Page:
Police / Concern over number of assaults on police

Meanwhile tasers have been used 11 times since being introduced in Shetland, from being drawn to being discharged

FRESH concern has been raised about the number of assaults on police officers in Shetland.

Meanwhile as of mid-November tasers have been used by local officers on 11 occasions since they were introduced in 2018, a freedom of information request reveals.

New figures presented to a meeting of Shetland’s community safety and resilience board highlighted how there were eight instances of assault on officers during the period of April to September.

Board chairman Councillor Allison Duncan said “no officer deserves to be punished by the public”.

Councillor Allison Duncan. Photo: Hans J Marter/Shetland News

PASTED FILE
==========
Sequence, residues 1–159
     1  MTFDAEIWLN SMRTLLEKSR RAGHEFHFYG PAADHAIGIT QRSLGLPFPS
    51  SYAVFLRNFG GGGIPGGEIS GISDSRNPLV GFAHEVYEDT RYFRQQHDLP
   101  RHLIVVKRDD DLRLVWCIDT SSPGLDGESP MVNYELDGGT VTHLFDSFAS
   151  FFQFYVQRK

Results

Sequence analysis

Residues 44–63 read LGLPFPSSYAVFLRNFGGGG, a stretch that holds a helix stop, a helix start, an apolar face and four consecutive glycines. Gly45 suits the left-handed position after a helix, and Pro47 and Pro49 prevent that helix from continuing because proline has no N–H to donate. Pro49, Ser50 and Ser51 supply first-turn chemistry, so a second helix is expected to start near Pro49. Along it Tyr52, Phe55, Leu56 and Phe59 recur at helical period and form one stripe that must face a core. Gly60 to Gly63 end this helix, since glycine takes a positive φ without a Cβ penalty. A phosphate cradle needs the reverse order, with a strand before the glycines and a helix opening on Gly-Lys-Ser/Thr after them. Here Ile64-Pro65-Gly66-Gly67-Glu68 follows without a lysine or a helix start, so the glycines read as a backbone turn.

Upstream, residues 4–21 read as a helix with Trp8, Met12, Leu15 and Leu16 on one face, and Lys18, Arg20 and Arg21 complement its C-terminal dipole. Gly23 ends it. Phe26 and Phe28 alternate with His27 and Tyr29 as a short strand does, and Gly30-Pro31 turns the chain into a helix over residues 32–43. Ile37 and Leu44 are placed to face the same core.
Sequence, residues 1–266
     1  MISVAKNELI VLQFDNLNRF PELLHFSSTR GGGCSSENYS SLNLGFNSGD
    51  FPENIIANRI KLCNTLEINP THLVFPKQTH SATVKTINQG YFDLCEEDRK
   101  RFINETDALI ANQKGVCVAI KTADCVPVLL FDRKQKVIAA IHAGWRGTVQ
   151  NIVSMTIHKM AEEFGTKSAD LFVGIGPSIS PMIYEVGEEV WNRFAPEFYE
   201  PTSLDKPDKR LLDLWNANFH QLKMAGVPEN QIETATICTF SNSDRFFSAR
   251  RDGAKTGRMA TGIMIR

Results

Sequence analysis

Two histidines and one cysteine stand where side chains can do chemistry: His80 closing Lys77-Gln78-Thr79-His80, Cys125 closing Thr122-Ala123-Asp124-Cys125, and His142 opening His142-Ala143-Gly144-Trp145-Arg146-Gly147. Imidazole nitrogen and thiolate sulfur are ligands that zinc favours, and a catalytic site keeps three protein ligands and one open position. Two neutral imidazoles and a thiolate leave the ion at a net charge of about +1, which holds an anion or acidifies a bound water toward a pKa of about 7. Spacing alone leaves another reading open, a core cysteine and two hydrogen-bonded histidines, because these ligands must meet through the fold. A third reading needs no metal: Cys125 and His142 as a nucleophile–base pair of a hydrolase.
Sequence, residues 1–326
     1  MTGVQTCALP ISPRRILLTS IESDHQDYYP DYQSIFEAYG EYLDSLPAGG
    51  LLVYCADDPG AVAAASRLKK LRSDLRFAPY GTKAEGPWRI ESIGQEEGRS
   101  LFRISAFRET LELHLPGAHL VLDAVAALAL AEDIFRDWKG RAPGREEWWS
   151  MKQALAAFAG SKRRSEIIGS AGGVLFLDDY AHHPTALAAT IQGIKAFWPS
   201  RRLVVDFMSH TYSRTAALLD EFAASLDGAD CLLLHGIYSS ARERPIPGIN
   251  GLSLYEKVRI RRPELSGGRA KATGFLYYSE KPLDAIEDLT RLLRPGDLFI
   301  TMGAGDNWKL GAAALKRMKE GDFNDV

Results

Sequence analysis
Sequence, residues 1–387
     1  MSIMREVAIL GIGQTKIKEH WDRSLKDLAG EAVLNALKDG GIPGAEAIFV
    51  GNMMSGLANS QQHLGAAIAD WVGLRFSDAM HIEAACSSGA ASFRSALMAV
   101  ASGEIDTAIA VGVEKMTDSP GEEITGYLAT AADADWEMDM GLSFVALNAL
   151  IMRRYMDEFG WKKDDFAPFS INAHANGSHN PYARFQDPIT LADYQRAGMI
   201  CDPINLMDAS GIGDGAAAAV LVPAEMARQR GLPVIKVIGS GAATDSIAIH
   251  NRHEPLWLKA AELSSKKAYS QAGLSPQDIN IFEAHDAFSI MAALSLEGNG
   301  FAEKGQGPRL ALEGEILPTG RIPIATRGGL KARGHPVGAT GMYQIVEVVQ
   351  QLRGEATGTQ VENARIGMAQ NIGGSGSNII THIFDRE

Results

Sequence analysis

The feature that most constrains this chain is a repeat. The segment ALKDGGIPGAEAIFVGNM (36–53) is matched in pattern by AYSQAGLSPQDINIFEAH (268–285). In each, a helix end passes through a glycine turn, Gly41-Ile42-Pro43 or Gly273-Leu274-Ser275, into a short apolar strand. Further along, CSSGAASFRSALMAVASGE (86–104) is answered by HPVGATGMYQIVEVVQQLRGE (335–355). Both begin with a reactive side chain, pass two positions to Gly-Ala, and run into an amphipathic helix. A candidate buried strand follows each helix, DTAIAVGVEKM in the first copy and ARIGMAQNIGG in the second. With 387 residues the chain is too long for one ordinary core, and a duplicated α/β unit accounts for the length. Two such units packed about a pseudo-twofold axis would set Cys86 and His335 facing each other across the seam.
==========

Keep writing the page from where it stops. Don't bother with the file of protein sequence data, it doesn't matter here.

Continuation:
Police area commander chief inspector Stuart Clemenson highlighted how some assaults may be punches which do not land.

But he said that the risk of assault is part of the job.

“Nobody wants to come to work and get injured,” Clemenson told a meeting of the board on Monday.


“Unfortunately though it’s part of what they do.”

The police chief said officers are equipped to deal with situations where assaults could happen, including undergoing training on open hand techniques.

Tasers can also be used by some local officers, although actually shooting them is a last resort.

Clemenson said even having tasers strapped to officers can act as a deterrent, as well as holding them.

The figure of 11 uses since 2018 ranges from a taser being drawn to being discharged.

Police Scotland said on average a taser is only discharged in 15 per cent of cases.

A taser initially generates around 50,000 volts of electricity, mainly to allow the wires to pass through the air and through clothing.

Once it makes contact with somebody, it drops to 1,500 volts delivered in extremely short pulses.

It can stop the person moving, allowing police officers to remove the threat the person is posing to themselves or others.

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